Baramati. 4. but it is safer to enter it to both units. The length is usually 4 digits.3: Bluetooth key structure.VPCOE. The user can change it when it wants to and this adds security to the system. BLUETOOTH SECURITY authentication key and encryption key is to facilitate the use of a shorter encryption key without weakening the strength of the authentication procedure. but it can be anything between 1 to 16 octets.7 PIN code This is a number. Figure 4. which can be fixed or selected by the user. 16 .1. The PIN can be used entering it into one device (fixed PIN). Example the latter one can be used when there is a laptop and a phone to be connected.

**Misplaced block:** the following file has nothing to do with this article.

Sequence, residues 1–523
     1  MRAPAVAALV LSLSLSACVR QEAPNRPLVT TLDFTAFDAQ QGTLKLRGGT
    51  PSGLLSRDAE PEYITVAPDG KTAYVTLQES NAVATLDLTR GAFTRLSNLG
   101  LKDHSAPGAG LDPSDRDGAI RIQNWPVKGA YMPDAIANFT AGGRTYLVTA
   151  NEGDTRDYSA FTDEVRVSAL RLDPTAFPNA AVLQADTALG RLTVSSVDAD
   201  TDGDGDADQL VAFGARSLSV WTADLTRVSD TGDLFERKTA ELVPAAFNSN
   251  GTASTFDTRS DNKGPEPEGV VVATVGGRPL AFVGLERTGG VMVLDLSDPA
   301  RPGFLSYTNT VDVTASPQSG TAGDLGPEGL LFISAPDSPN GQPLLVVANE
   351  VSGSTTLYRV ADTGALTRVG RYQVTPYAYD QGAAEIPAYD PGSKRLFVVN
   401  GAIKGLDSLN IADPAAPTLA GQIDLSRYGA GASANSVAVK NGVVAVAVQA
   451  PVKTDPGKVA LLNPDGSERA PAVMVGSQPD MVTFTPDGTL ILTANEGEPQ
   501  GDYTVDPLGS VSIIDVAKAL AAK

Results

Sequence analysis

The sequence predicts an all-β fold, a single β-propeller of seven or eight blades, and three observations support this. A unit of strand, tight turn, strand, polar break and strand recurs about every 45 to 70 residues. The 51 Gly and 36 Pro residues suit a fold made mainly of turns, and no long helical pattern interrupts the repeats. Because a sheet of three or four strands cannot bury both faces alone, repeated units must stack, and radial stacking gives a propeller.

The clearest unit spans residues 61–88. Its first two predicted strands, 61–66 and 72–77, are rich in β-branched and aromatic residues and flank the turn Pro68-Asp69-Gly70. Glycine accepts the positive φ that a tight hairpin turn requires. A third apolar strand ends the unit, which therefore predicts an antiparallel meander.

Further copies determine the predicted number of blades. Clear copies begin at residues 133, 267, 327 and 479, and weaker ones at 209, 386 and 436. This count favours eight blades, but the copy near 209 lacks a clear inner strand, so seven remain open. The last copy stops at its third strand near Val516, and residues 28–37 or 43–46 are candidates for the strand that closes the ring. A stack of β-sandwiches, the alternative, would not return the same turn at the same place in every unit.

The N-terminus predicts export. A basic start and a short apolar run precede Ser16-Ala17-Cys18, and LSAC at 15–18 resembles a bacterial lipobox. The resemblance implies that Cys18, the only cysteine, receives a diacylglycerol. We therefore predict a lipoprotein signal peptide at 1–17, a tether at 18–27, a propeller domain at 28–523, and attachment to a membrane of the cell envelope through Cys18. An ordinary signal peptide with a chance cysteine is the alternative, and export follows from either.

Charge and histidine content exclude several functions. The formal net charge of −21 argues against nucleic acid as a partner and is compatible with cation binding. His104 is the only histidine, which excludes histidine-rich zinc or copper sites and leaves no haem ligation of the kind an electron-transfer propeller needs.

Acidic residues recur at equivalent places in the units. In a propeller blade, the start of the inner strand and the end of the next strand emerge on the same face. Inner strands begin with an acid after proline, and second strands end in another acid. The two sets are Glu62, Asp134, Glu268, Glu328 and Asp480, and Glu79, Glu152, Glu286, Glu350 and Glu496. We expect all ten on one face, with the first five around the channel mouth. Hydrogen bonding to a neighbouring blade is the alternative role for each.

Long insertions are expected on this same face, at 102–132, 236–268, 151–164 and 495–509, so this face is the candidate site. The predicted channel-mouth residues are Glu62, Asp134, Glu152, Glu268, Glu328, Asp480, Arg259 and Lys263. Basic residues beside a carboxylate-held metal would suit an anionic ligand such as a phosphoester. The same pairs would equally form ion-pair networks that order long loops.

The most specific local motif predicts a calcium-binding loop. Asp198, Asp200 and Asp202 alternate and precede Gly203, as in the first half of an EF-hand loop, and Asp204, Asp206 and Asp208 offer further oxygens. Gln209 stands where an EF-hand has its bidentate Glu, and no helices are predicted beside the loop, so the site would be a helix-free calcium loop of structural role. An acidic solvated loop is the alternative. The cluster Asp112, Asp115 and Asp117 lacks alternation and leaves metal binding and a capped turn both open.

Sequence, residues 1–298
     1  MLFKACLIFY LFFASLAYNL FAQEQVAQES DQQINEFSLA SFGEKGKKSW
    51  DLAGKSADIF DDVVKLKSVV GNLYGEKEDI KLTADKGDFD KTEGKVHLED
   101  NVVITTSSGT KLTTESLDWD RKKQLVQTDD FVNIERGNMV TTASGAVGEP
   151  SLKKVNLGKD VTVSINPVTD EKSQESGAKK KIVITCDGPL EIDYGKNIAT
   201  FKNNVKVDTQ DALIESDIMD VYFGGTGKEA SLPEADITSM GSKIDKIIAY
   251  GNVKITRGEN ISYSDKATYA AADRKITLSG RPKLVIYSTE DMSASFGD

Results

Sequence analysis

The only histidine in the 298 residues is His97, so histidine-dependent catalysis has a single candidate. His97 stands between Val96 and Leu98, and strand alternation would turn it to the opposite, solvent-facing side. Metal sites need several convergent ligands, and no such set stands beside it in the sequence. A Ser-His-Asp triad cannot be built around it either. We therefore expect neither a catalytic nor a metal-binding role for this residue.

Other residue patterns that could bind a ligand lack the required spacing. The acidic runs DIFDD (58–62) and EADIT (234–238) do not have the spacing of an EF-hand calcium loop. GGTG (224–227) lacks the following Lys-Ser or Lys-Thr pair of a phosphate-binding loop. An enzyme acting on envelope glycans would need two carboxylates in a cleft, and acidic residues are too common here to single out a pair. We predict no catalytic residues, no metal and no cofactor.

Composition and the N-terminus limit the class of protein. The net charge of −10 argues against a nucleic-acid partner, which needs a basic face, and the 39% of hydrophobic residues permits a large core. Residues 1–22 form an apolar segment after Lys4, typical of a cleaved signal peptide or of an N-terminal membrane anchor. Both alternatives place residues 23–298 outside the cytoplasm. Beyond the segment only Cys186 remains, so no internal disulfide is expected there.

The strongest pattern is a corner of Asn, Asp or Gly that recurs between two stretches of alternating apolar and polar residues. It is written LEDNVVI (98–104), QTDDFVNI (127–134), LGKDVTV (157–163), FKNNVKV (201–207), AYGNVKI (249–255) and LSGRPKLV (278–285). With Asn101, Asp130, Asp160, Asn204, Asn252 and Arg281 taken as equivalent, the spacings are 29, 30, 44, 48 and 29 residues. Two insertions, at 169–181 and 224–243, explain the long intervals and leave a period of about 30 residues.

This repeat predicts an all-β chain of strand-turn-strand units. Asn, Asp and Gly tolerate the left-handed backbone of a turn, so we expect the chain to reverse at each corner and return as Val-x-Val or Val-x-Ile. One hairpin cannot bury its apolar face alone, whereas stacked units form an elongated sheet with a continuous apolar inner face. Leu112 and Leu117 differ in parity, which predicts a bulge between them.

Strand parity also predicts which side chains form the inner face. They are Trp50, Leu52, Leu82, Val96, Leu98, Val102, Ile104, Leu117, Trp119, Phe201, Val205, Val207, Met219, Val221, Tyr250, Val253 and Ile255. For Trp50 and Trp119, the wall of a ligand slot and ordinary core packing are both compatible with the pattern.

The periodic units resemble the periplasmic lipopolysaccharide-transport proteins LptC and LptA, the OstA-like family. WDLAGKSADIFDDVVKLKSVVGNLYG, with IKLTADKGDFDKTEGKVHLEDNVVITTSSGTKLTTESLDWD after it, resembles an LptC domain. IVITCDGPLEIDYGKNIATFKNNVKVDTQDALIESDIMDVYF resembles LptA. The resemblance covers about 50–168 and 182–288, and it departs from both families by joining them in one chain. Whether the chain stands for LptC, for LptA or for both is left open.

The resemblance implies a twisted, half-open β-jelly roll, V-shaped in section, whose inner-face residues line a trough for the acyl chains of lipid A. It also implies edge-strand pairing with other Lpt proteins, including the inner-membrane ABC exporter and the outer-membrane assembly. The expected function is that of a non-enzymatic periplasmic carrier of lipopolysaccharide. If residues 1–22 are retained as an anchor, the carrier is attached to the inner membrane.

So the verifier may not necessarily be the master. who then makes sure the responses match. The claimant sends the response to the verifier. so a successful authentication is based on the fact that both participants share the same key. the verifier sends the claimant a random number for authention. The used application indicates who is to be authenticated.VPCOE. The protocol uses similar keys. the claimants Bluetooth Device Address and the current link key to get a response. where both parties are authenticated in turn. Then both participants use the authentication function E1 with the random number. Figure 4. First. BLUETOOTH SECURITY 3.4: Challenge-response for the Bluetooth authentication. The waiting time decreases exponentially to a minimum when no failed authentication are made during a time period. The period of time doubles for each subsequent failed attempt from the same address reached.Baramati. there is a period of time that must pass until a new attempt at authentication can be made. 17 .2 Authentication Scheme The Bluetooth authentication scheme uses a challenge-response strategy in which a 2-move protocol is used to check whether the other party knows the secret key. If the authentication fails.